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Immune senescence, or the aging of the immune system, particularly its effect on changes in lymphocyte development and function, predisposes older adults to a higher risk of latent virus reactivation. The varicella-zoster virus, for example, the agent responsible for chickenpox in children, remains dormant in nerve cells in the trigeminal and dorsal root ganglia and reactivates in later life to cause shingles and post-herpetic neuralgia.
Other persistent viral infections include Epstein-Barr virus, herpes simplex virus-1 and -2, and cytomegalovirus (CMV).
Age-related immune senescent remodeling likely involves both the innate and adaptive immune system and may contribute to the immune system’s functional decline; chronic inflammatory state; and risk for frailty, chronic disease, and functional decline in older adults.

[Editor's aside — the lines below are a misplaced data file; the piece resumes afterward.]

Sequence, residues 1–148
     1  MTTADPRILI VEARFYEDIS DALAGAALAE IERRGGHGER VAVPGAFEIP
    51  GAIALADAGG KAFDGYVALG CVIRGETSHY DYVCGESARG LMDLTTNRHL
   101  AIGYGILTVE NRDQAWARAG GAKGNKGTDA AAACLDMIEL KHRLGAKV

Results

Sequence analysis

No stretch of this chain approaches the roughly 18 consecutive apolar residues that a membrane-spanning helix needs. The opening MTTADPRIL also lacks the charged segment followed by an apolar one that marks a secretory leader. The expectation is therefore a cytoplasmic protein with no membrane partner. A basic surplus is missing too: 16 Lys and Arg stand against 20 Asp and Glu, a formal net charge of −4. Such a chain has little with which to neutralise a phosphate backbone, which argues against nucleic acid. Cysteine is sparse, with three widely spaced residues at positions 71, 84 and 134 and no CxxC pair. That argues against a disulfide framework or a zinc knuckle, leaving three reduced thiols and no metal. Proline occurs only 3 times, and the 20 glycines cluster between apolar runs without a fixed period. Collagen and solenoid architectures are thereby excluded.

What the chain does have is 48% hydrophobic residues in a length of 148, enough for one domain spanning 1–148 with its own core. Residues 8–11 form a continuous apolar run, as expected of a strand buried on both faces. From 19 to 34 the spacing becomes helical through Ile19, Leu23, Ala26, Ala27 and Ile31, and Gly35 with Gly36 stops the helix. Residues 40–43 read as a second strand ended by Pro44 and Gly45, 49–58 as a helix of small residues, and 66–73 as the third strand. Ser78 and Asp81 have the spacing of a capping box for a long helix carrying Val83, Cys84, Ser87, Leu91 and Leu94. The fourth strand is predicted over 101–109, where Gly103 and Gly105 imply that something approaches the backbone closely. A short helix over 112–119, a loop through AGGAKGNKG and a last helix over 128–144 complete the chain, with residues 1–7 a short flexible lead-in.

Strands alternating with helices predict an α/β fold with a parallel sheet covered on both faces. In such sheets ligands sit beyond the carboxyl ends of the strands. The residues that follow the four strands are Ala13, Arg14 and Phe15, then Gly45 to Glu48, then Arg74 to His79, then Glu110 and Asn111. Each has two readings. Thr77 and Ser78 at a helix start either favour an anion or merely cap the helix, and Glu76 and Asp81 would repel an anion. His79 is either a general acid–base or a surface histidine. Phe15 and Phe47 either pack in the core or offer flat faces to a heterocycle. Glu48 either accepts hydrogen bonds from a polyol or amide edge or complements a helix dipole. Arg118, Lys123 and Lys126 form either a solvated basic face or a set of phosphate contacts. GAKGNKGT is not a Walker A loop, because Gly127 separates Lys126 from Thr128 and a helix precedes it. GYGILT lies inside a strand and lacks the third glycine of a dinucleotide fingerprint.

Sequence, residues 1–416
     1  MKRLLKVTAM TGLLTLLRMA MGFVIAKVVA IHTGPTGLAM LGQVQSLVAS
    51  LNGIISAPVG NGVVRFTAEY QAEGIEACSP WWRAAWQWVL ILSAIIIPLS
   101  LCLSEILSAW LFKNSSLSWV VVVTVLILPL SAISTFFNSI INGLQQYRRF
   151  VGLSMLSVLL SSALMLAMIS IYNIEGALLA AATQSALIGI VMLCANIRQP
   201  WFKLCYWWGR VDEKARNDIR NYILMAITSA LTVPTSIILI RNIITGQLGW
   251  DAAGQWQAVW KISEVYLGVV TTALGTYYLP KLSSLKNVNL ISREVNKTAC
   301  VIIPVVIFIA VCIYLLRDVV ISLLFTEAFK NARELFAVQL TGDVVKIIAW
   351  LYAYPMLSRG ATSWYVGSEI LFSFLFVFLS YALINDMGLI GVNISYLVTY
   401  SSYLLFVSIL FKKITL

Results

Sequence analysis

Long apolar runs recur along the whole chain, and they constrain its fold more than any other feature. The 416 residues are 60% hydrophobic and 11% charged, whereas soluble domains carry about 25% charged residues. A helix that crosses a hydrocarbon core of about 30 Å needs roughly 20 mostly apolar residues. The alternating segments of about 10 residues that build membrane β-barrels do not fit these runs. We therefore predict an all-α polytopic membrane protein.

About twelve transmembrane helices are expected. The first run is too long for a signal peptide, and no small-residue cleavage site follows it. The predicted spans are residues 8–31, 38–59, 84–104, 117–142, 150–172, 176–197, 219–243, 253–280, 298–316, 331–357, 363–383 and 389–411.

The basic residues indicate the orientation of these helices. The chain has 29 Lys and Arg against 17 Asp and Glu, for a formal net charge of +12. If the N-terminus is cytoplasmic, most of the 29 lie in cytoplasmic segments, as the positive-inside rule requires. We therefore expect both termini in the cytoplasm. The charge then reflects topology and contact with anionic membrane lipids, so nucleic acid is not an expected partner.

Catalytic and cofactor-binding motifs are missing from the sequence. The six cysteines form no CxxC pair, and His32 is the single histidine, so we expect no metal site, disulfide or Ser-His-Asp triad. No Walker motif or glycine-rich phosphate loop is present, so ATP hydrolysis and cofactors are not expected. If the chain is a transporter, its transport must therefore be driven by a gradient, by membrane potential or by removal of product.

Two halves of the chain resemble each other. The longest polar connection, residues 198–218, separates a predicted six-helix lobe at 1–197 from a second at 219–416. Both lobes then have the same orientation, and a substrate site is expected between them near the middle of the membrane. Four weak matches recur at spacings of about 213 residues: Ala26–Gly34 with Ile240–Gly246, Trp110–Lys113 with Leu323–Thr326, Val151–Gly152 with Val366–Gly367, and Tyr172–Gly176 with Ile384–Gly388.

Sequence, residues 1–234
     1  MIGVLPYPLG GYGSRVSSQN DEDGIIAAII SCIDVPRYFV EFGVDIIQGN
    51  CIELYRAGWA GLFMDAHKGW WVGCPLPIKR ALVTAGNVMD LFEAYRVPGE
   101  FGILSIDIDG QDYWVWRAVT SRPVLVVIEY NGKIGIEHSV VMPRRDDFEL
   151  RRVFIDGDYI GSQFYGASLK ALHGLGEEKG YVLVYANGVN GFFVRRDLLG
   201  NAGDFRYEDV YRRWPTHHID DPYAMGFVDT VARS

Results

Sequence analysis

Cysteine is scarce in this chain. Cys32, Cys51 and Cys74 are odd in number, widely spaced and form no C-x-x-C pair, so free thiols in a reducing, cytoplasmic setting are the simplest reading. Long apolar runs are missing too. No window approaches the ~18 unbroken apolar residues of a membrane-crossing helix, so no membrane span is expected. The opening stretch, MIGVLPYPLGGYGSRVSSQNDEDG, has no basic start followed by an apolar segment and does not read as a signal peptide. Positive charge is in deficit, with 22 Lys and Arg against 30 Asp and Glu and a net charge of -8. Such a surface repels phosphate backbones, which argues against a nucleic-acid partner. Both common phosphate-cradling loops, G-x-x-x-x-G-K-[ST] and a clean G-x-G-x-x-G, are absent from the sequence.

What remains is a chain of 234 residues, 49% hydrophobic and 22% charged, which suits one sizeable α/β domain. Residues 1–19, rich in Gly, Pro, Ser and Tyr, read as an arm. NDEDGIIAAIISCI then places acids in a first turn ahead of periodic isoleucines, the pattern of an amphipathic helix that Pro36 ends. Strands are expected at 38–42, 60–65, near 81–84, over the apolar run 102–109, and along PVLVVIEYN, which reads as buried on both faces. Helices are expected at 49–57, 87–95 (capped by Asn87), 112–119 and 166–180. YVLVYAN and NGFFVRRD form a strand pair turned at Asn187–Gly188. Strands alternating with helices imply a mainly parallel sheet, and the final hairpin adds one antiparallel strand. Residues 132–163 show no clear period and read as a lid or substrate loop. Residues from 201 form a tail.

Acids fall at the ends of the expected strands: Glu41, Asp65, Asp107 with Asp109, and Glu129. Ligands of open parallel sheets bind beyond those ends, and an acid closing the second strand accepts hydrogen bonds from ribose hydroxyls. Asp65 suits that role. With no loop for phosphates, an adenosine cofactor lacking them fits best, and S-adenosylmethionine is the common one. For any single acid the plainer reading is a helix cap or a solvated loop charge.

Researchers in the Johns Hopkins Division of Geriatric Medicine and Gerontology are focused on understanding the basic biological and physiological changes related to aging and frailty in the human immune system, with a special emphasis on the translational aspects of immunosenescence that have the most relevance to frailty and late-life decline.
Current research studies
- Vaccine-induced immune protection against influenza and its underlying mechanisms in frail older adults
- Persistent viral infection and age-related restriction of T cell repertoire diversity
- T cell phenotypic remodeling in aging and frailty
- Innate immune remodeling and monocyte/macrophage activation
- Aging and HIV